On January 21, 2014, India’s Supreme Court reaffirmed the right to life in a landmark decision that cited international human rights standards. In Shatrughan Chauhan & Another vs Union of India & Others, the Supreme Court commuted the death sentences of 15 prisoners. The decision strongly emphasized the human rights of death row prisoners – denouncing such practices as executing individuals with mental illness, solitary confinement, and prolonged detention on death row.
Much of the court’s decision focused on the nature of the clemency process under Indian law. Indian law provides that death row inmates can apply for clemency by submitting “mercy petitions” to the President. The court held that “[m]ercy jurisprudence is part of an evolving standard of decency, which is the hallmark of society.” The court repeatedly noted that clemency is not merely a matter of grace, but is a constitutional duty of great significance that must be exercised responsibly and expeditiously.
The Supreme Court faulted the executive for its inexcusable delay in considering the clemency petitions of 13 petitioners. Drawing heavily on the jurisprudence of the Privy Council and the European Court on Human Rights, the court reasoned that delay in the execution of a death sentence causes psychological torture. The court observed that “undue, inordinate, and unreasonable delay” in carrying out the death sentence constitutes torture and justifies commutation to life imprisonment.
Equally important, the court commuted the death sentences of two prisoners based on evidence that they suffered from mental illness. The court embraced international norms prohibiting the execution of prisoners with mental illness, citing Resolution 2000/65 of the former UN Human Rights Commission calling upon all states to refrain from executing any person who suffers from “any form of mental disorder,” as well as a 1996 report of the UN Special Rapporteur on Extrajudicial, Summary or Arbitrary Executions, and the UN General Assembly’s 2007 resolution calling for a moratorium on the death penalty. In the case of Maganlal Barela, the court condemned the failure of the executive branch to consider evidence of the petitioner’s mental illness as grounds for clemency.
The court also addressed the issue of solitary confinement, finding that death row inmates may not be held in solitary confinement until their mercy petitions have been denied. According to the court, solitary confinement constitutes “additional and separate punishment” that is unconstitutional. Further, the court issued guidelines for the clemency process to protect the rights of death row prisoners moving forward. The judges held that prisoners have a right to legal aid to prepare legal challenges to the clemency process and to be informed of the result of their mercy petition in writing. In addition, prison officials must ensure that prisoners receive regular mental health evaluations and be given “appropriate medical care.” Finally, the court determined that the government must carry out post-mortem examinations of executed prisoners to provide the courts with data on the cause of death, which will allow for consideration of whether hanging constitutes cruel and inhuman punishment.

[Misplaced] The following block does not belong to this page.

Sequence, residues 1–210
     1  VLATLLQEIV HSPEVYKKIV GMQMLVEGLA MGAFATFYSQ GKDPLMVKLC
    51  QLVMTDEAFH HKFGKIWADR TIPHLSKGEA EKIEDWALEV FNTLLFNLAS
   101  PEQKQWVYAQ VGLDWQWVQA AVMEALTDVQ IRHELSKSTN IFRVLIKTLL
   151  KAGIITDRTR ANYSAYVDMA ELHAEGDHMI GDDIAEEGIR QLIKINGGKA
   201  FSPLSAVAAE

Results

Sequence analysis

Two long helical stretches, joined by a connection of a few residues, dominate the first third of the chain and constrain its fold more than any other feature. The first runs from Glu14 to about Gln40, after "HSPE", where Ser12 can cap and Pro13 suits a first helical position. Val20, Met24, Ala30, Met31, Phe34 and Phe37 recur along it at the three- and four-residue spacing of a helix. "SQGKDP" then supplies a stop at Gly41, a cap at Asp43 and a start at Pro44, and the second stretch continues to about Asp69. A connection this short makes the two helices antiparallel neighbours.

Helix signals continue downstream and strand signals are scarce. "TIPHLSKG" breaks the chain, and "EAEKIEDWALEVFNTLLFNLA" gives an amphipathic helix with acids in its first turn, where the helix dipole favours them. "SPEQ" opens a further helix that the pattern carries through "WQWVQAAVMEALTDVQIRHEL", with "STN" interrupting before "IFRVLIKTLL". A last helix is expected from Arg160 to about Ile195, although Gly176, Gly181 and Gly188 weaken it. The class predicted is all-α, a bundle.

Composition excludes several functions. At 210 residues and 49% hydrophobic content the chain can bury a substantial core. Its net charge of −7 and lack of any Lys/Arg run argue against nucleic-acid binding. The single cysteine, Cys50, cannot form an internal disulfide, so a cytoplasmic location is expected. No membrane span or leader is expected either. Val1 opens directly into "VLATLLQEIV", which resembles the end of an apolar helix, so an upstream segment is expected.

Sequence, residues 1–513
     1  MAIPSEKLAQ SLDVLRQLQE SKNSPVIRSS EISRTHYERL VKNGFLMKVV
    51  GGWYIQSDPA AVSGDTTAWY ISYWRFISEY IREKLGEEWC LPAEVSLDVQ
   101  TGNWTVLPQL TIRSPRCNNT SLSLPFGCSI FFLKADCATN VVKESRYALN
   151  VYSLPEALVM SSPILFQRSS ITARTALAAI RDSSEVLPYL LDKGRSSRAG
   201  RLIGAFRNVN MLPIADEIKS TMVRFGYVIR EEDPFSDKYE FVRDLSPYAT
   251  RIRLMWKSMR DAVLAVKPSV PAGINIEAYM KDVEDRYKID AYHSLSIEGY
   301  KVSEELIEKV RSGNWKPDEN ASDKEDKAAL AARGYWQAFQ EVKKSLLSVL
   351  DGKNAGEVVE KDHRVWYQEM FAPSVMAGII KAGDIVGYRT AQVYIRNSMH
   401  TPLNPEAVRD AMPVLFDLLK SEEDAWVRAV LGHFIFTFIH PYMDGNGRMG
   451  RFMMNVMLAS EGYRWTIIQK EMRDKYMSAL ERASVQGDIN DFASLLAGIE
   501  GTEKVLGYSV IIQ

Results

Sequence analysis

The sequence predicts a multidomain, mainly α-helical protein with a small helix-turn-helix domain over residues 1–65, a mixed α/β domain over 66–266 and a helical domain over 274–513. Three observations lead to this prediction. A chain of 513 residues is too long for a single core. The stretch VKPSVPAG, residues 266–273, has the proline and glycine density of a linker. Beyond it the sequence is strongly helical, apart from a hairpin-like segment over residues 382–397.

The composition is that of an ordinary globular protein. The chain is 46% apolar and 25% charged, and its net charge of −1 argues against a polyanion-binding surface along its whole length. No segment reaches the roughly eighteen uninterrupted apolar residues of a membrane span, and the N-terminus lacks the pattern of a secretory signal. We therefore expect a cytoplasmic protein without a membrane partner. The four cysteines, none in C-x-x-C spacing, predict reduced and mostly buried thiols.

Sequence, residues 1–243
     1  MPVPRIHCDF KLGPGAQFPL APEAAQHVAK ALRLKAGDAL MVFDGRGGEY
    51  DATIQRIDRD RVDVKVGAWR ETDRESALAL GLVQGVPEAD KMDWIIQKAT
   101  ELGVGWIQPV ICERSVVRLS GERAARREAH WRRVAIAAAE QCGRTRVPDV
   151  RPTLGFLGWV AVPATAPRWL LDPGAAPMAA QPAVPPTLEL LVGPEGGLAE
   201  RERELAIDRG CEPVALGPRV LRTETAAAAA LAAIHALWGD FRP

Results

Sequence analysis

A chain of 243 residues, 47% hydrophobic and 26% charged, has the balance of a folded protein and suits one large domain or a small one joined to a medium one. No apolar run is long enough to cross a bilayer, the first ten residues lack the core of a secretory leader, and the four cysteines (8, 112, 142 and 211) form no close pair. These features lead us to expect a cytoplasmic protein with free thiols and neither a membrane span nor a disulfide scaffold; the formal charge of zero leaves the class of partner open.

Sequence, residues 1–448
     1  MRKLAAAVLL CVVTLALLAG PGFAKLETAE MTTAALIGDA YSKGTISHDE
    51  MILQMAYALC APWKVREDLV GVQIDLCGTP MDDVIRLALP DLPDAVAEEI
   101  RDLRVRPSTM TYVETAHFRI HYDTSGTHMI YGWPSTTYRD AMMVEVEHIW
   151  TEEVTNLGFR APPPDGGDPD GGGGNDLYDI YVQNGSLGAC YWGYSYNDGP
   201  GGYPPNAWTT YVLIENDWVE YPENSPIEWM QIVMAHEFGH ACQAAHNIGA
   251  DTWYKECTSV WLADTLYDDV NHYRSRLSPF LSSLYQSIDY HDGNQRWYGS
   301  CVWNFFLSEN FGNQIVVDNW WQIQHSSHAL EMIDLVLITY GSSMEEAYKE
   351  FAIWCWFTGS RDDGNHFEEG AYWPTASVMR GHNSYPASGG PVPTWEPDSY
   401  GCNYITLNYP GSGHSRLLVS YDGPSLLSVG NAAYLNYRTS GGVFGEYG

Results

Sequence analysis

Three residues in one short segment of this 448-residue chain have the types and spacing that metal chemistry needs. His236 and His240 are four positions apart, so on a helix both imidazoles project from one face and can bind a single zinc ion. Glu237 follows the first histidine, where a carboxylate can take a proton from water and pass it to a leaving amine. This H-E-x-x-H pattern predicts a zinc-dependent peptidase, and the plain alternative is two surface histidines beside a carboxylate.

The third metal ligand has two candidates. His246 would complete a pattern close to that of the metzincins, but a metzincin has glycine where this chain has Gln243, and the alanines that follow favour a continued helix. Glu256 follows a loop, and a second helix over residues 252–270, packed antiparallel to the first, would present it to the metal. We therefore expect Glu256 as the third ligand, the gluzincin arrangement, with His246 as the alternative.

Less than a month after this landmark decision, the Supreme Court commuted the death sentences of three individuals convicted of the 1991 assassination of former Prime Minister Rajiv Gandhi. The Court reasoned that the unreasonable delay in considering the inmates’ mercy petitions, a delay of more than 11 years, warranted a commutation of their death sentences. It also rebuffed the Attorney General’s argument that in order to have their sentences commuted, death row inmates had to prove actual harm occasioned by the delay. The court reaffirmed the fundamental rights of all citizens, including death row inmates.
The decisions come at an especially important time in India, as it had recently begun carrying out executions again after what many considered to be an undeclared moratorium on the death penalty. The decisions have also re-ignited the public debate over the death penalty in India.
-- Sandra Babcock and Shubra Ohri